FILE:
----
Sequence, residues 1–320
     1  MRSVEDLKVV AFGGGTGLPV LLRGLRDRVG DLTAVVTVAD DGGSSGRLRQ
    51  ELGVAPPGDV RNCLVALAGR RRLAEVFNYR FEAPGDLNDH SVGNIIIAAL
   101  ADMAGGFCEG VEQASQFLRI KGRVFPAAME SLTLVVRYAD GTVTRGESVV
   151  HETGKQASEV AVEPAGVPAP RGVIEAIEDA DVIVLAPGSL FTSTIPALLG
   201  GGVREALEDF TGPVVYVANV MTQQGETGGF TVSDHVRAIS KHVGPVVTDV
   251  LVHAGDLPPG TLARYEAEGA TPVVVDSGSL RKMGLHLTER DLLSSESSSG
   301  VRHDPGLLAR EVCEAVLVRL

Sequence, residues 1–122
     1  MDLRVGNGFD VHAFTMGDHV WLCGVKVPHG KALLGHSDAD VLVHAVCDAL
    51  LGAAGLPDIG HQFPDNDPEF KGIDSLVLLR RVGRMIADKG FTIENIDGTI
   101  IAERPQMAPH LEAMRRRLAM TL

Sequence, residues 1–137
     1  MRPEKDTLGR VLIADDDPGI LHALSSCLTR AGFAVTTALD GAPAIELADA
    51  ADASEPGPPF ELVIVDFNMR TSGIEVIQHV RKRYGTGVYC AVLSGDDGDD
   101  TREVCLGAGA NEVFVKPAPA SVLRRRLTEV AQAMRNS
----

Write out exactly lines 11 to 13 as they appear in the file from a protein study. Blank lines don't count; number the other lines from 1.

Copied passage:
    51  LGAAGLPDIG HQFPDNDPEF KGIDSLVLLR RVGRMIADKG FTIENIDGTI
   101  IAERPQMAPH LEAMRRRLAM TL

Sequence, residues 1–137